Monthly Archives: May 2008

Breviary

 

Check out the free online Breviary. It’s a book of morning and evening prayers (drawing from Benedictine, Fransiscan, and Eastern Orthodox traditions) that has been put together by Missio Dei

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Nonviolence for Breakfast

As someone who is against violence in the world- whether in Iraq or Minneapolis, I’m struck at how “passively violent” (causing emotional hurt) I can be at times. I think it’s one thing to be “against the war” and its another thing to be able to share a meal with someone you “love” and show them the sort of compassion, respect, and understanding that are at the heart of nonviolence.

Let’s be honest, most of us can barely get past breakfast without getting defensive, assuming, or reacting in some way. I am finding myself challenged by realizing the connection between passive and physical violence. Arun Ghandi learned from her grandfather that “it is passive violence that fuels the fire of physical violence.”

I think that if we ourselves can’t get past breakfast, then we’ll never find a solution in Iraq. How many of us are willing to look at ourselves before pointing out the speck in someone else’s eye? In the end, it all leads to war.

One of the many things I learned from grandfather [M. K. Ghandi] is to understand the depth and breadth of nonviolence and to acknowledge that one is violent and that one needs to bring about a qualitative change in one’s attitude. We often don’t acknowledge our violence because we are ignorant about it; we assume we are not violent because our vision of violence is one of fighting, killing, beating, and wars the type of things that average individuals don’t do.

Nonviolence means allowing the positive within you to emerge. Be dominated by love, respect, understanding, appreciation, compassion and concern for others rather than self-centered and selfish, greedy, hateful, prejudiced, suspicious, and aggressive attitudes that dominate our thinking.

-Arun Ghandi

Marshall B. Rosenberg, Nonviolent Communication (California: Puddledancer Press, 2005). 

The Methodist Covenant Prayer

I am no longer my own, but Thine.
Put me to what Thou wilt,
rank me with whom Thou wilt;
put me to doing, put me to suffering;
let me be employed for Thee
or laid aside for Thee;
let me be exalted for Thee,
or brought low for Thee;
let me be full, let me be empty;
let me have all things,
let me have nothing;
I freely and heartily yield all things
to Thy pleasure and disposal.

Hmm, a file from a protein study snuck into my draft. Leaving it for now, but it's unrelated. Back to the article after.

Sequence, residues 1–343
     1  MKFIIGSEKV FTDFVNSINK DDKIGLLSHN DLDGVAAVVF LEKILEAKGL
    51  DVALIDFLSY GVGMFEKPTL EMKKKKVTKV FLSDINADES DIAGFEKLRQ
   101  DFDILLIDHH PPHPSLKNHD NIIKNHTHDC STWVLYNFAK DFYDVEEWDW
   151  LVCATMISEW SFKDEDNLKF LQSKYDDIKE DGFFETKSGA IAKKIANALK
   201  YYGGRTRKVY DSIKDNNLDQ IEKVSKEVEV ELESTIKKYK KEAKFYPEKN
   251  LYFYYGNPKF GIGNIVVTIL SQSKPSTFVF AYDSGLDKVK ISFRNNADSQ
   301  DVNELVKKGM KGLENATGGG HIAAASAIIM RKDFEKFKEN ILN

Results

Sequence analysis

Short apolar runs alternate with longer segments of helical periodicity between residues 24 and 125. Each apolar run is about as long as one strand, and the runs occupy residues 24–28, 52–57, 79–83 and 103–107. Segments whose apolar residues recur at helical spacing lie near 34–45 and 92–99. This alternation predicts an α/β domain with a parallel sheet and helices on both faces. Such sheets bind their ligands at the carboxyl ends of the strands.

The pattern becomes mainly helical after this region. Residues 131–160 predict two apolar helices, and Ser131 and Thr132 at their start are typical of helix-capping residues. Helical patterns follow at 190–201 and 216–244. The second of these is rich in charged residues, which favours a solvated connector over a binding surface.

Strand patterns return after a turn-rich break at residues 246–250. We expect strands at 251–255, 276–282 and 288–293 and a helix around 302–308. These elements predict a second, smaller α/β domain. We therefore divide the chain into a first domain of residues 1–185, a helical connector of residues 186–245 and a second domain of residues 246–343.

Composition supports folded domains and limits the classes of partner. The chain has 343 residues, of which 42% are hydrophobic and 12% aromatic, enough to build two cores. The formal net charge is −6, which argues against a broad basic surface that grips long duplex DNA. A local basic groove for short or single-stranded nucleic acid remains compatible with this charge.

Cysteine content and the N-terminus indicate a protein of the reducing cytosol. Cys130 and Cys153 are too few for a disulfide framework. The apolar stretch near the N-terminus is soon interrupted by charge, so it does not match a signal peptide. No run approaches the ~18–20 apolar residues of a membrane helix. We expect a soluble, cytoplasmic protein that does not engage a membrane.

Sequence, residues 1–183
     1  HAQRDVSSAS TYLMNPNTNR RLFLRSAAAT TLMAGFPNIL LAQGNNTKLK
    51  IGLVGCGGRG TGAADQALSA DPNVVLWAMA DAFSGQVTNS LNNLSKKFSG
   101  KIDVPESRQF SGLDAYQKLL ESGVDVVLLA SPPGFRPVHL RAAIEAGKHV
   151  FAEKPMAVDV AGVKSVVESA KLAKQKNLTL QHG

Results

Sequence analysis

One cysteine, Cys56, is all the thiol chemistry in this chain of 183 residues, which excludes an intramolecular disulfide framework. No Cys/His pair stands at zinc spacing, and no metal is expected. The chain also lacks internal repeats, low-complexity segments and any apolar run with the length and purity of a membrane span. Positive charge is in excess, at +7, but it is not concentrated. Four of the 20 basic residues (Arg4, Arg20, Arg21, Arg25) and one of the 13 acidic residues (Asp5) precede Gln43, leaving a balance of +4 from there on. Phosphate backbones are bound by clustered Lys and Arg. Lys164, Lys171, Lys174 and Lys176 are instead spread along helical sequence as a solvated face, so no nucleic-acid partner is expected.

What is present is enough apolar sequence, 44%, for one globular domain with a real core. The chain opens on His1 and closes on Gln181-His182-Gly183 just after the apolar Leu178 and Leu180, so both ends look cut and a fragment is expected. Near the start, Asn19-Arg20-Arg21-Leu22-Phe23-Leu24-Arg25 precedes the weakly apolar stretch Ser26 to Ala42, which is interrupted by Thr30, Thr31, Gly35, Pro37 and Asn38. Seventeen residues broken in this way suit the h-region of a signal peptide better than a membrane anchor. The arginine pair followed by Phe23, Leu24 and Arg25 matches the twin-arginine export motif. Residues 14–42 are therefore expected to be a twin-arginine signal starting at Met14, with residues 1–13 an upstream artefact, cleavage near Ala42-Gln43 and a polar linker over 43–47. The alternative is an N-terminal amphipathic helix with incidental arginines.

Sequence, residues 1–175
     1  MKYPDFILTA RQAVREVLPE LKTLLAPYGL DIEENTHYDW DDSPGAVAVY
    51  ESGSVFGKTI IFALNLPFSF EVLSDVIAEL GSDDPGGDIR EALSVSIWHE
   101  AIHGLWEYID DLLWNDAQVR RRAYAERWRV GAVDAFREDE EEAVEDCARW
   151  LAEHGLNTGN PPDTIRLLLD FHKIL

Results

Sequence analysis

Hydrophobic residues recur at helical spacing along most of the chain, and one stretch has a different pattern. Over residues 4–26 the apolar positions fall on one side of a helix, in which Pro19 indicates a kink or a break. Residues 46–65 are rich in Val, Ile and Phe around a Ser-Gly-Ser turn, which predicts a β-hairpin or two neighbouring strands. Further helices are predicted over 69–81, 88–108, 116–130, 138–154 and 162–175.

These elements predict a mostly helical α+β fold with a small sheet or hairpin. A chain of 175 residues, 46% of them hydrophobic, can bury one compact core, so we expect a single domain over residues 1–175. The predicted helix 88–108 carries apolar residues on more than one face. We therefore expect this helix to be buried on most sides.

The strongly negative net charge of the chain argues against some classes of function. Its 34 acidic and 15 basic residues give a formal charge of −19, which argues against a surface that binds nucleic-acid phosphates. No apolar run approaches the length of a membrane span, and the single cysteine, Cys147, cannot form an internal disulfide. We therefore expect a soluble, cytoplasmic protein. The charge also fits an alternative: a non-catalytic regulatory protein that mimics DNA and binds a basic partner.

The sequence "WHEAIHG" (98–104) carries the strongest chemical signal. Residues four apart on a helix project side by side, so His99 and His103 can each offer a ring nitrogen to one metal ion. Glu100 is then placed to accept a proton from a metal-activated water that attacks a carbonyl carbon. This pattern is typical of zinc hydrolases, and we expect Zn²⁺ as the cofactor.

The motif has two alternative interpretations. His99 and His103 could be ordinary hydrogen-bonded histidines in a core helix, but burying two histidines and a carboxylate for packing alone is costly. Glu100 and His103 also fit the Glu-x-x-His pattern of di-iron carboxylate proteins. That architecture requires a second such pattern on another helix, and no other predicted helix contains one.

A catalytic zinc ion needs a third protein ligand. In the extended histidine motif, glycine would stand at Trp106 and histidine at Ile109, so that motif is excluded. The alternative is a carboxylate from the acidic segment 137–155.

And now, O glorious and blessed God,
Father, Son and Holy Spirit,
Thou art mine, and I am Thine.
So be it.
And the covenant
which I have made on earth,
let it be ratified in heaven.

Amen.

From daily meditations at the North Umbria Community.

Manifesto: The Mad Farmer Liberation Front

 

Love the quick profit, the annual raise,

vacation with pay. Want more

of everything ready-made. Be afraid

to know your neighbors and to die.

And you will have a window in your head.

Not even your future will be a mystery

any more. Your mind will be punched in a card

and shut away in a little drawer.

When they want you to buy something

they will call you. When they want you

to die for profit they will let you know.

So, friends, every day do something

that won’t compute. Love the Lord.

Love the world. Work for nothing.

Take all that you have and be poor.

Love someone who does not deserve it.

Denounce the government and embrace

the flag. Hope to live in that free

republic for which it stands.

Give your approval to all you cannot

understand. Praise ignorance, for what man

has not encountered he has not destroyed.

Ask the questions that have no answers.

Invest in the millennium. Plant sequoias.

Say that your main crop is the forest

that you did not plant,

that you will not harvest.

Say that the leaves are harvested

when they have rotted into mold.

Call that profit. Prophesy such returns.

Put your faith in the two inches of humus

that will build under the trees

every thousand years.

Listen to carrion- put your ear

close, and hear the faint chattering

of the songs that are to come.

Expect the end of the world. Laugh.

Laughter is immeasurable. Be joyful

though you have considered all the facts.

So long as women do not go cheap for power,

please women more than men.

Ask yourself: Will this satisfy

a woman satisfied to bear a child?

Will this disturb the sleep

of a woman near to giving birth?

Go with your love to the fields.

Lie easy in the shade. Rest your head

in her lap. Swear allegiance

to what is nighest your thoughts.

As soon as the generals and politicos

can predict the motions of your mind,

lose it. Leave it as a sign

to mark the false trail, the way

you didn’t go. Be like the fox

who makes more tracks than necessary,

some in the wrong direction.

Practice resurrection.

 

Wendell Berry, Good Poems Selected and Introduced by Garrison Keillor (New York: Penguin Group, 2002) 274.